Advancing the university mission through partnerships with state Medicaid programs
Center for Health Policy and Research; Department of Family Medicine and Community Health
Medical Subject Headings
Humans; Medicaid; Patient Protection and Affordable Care Act; Public Policy; Public-Private Sector Partnerships; United States; *Universities
Health and Medical Administration | Health Policy | Health Services Administration | Health Services Research | Medical Education
State Medicaid programs are playing an increasingly important role in the U.S. health care system and represent a major expenditure as well as a major source of revenue for state budgets. The size and complexity of these programs will only increase with the implementation of the Patient Protection and Affordable Care Act. Yet, many state Medicaid programs lack the resources and breadth of expertise to maximize the value of their programs not only for their beneficiaries but also for all those served by the health care system.Universities, especially those with medical schools and other health science programs, can serve as valuable partners in helping state Medicaid programs achieve higher levels of performance, including designing and implementing new approaches for monitoring the effectiveness and outcomes of health services and developing and sharing knowledge about program outcomes. In turn, universities can expand their role in public policy decision making while taking advantage of opportunities for additional research, training, and funding. As of 2013, approximately a dozen universities have developed formal agreements to provide faculty and care delivery resources to support their state Medicaid programs. These examples offer a road map for how others might approach developing similar, mutually beneficial partnerships.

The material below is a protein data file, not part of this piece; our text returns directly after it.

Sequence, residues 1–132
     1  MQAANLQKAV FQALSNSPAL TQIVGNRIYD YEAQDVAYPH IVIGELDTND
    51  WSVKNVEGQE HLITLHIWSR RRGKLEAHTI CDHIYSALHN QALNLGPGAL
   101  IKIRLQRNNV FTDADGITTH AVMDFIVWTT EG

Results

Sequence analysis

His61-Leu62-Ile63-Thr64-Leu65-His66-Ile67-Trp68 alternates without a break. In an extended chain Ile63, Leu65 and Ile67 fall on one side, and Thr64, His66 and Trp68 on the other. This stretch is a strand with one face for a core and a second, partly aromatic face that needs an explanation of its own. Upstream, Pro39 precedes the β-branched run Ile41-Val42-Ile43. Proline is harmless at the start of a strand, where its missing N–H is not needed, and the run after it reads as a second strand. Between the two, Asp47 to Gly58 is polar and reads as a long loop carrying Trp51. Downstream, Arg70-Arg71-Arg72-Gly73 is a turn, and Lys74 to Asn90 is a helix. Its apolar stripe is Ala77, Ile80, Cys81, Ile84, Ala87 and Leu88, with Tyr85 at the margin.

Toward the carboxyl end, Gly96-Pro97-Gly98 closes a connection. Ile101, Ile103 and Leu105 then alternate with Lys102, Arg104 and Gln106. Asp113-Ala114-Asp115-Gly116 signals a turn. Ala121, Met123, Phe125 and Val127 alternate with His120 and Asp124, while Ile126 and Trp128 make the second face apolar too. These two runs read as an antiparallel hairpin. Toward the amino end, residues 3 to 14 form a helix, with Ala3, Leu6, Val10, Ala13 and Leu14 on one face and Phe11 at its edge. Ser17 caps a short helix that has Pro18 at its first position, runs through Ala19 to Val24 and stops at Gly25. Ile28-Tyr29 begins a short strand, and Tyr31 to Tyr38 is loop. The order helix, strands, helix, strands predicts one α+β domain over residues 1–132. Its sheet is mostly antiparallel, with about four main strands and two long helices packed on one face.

Rights and Permissions
Citation: Acad Med. 2013 Nov;88(11):1606-8. doi: 10.1097/ACM.0b013e3182a7cdf8. Link to article on publisher's site
Himmelstein, Jay S. and Bindman, Andrew B., "Advancing the university mission through partnerships with state Medicaid programs" (2013). University of Massachusetts Medical School Faculty Publications. 813.